What Makes A Rosary Royal?
SHE ACTS HER AGE. A table of freshmen competing in a spontaneous dance off during lunch, music thumping as a crowd gathers around them. A trio of friends sitting on the lawn between classes, their laughter joyful and carefree. Students jumping up and down on swaying gym bleachers, euphoric in red and gold face paint as their Royals win. At Rosary, girls stay girls longer. Real life can wait.
SHE EMBRACES HER FAITH. She goes to church with her family on Sundays, and she attends the Rosary Father-Daughter Masses. But something is different now. When they talk about religion at Rosary, her heart stirs. Her faith feels more alive, more personal. Her relationship with God is playing a meaningful role in her everyday life. It is reshaping her decisions away from campus. She had hoped to become a better student at Rosary. She never expected to become a better person.
SHE FINDS HER VOICE. Her friends choose other high schools. Everything at Rosary is new to her. But the faculty go out of the way to engage her. She begins to see them as mentors. She bonds with the other girls like long-lost sisters. For the first time in memory, no one is judging her. She speaks up in class. She asks incisive questions. She debates big ideas. Rosary is cultivating a part of her she never knew existed. She is finding her voice. It is true and it is strong. She will never let it go.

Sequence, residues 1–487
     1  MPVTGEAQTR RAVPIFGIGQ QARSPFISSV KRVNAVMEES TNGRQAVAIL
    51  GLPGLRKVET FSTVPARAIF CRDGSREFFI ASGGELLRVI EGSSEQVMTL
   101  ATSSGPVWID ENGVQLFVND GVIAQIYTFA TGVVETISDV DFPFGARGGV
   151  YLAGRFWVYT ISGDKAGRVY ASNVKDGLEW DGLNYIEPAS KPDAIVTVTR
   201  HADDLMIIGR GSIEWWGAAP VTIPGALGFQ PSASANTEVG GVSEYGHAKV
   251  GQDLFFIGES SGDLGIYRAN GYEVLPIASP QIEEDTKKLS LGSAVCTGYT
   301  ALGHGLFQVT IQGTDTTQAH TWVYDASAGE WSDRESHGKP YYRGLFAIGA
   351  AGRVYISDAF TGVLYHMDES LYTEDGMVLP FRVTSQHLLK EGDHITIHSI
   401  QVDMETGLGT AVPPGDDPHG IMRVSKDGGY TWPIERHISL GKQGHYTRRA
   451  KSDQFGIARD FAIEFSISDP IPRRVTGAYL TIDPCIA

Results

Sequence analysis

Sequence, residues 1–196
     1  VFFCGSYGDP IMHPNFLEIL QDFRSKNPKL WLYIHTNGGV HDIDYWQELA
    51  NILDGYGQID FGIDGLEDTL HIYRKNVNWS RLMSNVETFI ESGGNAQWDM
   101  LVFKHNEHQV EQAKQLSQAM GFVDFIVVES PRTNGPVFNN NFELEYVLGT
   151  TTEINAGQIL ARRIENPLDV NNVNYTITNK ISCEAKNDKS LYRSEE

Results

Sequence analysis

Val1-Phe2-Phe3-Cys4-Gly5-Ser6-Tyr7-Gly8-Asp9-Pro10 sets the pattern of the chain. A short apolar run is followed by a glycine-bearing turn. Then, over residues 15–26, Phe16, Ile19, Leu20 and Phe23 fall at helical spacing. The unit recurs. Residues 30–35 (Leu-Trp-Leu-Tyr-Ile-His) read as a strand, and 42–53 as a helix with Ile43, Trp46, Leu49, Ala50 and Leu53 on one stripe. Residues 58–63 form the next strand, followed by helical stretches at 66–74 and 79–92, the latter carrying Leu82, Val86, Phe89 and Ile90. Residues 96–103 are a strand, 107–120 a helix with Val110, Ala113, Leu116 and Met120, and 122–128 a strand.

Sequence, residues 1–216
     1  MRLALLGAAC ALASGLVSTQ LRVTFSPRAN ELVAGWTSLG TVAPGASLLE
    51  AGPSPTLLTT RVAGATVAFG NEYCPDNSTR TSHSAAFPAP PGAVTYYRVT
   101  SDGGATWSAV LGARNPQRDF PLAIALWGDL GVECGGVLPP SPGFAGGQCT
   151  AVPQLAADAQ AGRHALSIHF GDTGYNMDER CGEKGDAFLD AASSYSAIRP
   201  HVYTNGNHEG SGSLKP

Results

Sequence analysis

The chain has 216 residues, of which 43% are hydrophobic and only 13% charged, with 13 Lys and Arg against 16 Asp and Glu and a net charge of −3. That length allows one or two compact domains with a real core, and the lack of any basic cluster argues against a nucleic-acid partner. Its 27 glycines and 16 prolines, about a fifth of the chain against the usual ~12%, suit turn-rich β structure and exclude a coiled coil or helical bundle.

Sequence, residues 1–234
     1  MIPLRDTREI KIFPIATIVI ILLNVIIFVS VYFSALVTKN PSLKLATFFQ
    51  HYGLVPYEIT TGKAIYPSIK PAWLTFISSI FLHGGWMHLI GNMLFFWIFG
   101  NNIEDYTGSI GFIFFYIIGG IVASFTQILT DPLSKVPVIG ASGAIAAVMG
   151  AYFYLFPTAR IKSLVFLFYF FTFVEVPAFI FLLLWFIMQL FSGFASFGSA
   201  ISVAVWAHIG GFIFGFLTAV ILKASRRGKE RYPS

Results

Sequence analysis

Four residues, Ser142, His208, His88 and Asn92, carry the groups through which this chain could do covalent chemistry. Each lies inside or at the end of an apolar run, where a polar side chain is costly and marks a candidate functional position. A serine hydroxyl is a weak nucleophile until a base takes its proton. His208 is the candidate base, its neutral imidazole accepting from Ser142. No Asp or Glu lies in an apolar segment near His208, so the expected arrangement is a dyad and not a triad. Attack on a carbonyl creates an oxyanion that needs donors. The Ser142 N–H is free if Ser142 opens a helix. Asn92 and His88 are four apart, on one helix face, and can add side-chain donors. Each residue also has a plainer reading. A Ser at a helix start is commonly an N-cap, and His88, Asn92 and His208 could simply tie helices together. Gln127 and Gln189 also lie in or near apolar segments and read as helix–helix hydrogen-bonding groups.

SHE THINKS DIFFERENTLY. Collaborative. Competitive. Confident. Creative. Funny. Humble. Independent. Innovative. Intelligent. Kind. Loyal. Open-minded. Optimistic. Passionate. Resilient. Spiritual. She is all these things and more. She embraces Rosary’s traditions, but she is not a traditional thinker. While others prepare for the future she is creating it. When someone asks “Why?” she asks “Why not?” As she walks
on stage to address the audience at Red & Gold, she is reminded that Rosary isn’t a
school for girls. It’s a school for women who think differently.
SHE IS FEARLESS. Her expert teachers challenge her to take risks in the classroom,
even if that means sometimes making mistakes. So she designs robots from sensors,
motors, and screws. She critiques black and white photography at the Getty. She
experiments with programming, recoding syntax into syntactic sugar. She is a big sister
to wide-eyed new freshmen. She studies AP French. Ce n’ est pas facile. She does not
always succeed but she is always learning. She is a fearless young woman.
SHE INSPIRES. The acceptance letters arrive one by one. USC. Marist. Harvard. She
receives letters from the best colleges in the country. Some day, she will lead men and
women in the U.S. Navy, her decisions changing lives on land and sea. She will write
movies people watch on nervous first dates and rainy Sunday afternoons. She will take
the hand of an anxious mother in the emergency room and she will tell her that her child
is going to be fine – and then make it so. She is a Rosary Woman and she is inspiring.
SHE IS A MORE COMPLETE WOMAN. Some of what she has learned at Rosary
cannot be measured by a test. Here, she has learned to be a more thoughtful daughter;
a more affectionate sister; a more loyal friend; a more empathetic human being. She
has learned to stand for those who can’t stand for themselves, and to try to recognize
the face of God in the strangers she meets. She remembers St. Paul’s words: “But now
faith, hope, love, abide these three; but the greatest of these is love.” She strives to live
this kind of love. She is a more complete woman.